- Associated Press - Wednesday, August 3, 2016

SIOUX CITY, Iowa (AP) - The Woodbury County Board of Supervisors has approved an investigation into a cyberattack that compromised about 3,700 county files last month.

The board voted unanimously Tuesday to work with Cleveland-based law firm BakerHostetler, which conducts data security incident response investigations, the Sioux City Journal (http://bit.ly/2b34lNT ) reported.

The source of the cyberattack July 20 was ransomware that was delivered through an email, said Ed Gilliland, human resources director. Ransomware is software that locks files on a computer and demands a payment for their release.

Nothing was lost because the Woodbury County Information Communication Committee backs up files every night, Gilliland said. Emails requesting ransom for the files have been deleted.

“From the preliminary work with them and looking at the type of ransomware, there’s an over 99 percent chance that there’s no issues at all,” Gilliland said. “But it’s a really good, prudent move.”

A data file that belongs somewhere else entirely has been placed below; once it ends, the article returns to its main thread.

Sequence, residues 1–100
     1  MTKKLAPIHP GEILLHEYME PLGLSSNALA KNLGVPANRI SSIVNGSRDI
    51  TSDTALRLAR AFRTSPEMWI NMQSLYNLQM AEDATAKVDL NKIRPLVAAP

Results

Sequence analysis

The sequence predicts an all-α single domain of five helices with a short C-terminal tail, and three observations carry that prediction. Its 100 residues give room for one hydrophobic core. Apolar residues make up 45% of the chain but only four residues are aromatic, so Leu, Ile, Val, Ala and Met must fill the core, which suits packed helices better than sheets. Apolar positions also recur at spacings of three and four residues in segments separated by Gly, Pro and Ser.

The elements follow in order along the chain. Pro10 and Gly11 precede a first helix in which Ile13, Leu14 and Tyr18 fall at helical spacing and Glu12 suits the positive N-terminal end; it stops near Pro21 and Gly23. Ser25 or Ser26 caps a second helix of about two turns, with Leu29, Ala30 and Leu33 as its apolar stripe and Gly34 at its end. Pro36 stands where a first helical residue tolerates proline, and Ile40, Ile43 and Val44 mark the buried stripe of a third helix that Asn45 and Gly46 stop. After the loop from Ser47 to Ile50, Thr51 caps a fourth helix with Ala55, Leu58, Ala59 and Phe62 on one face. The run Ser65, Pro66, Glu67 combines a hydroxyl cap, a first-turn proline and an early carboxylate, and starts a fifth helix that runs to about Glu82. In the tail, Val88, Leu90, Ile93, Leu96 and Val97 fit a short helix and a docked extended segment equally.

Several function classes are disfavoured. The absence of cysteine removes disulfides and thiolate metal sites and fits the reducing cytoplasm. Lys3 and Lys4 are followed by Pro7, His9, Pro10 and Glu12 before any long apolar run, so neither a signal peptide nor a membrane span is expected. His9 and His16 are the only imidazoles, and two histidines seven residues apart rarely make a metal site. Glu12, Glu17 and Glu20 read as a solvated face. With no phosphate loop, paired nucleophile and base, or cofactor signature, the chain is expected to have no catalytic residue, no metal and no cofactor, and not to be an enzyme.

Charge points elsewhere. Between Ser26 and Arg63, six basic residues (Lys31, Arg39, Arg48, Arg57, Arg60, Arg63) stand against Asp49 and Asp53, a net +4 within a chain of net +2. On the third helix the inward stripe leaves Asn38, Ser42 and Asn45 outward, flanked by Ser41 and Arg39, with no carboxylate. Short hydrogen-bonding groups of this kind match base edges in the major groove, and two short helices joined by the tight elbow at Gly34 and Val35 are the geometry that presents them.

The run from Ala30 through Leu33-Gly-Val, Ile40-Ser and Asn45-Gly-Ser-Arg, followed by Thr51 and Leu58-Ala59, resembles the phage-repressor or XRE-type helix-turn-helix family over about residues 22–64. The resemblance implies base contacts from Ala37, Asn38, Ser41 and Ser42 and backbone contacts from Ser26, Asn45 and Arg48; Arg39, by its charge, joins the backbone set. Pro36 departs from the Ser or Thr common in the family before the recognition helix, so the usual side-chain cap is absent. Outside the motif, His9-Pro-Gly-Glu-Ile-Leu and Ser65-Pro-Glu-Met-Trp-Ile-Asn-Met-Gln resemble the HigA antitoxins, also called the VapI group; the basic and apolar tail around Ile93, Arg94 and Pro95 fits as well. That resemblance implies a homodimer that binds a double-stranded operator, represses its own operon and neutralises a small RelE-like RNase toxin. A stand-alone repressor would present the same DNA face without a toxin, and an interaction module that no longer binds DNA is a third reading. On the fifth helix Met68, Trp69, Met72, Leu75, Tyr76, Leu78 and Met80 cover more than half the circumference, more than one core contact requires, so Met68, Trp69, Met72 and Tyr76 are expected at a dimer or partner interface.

The incident was the first ransomware attack on the county’s system, according to John Malloy, the city and county’s information technologies director. He said staff is highly confident that they know which files were hit by the attack.

The investigation will help determine which specific files were targeted and whether there will be any long-term consequences, Gilliland said. The investigation will be paid for by the county’s cyber liability insurance, which he said has coverage up to $3 million and a $10,000 deductible.

“It will cover everything, with a minimal amount of financial involvement,” Gilliland said. “Worst case, we will pay $10,000 if things didn’t go as we thought.”

___

Information from: Sioux City Journal, http://www.siouxcityjournal.com

LOAD COMMENTS ()

 

Click to Read More

Click to Hide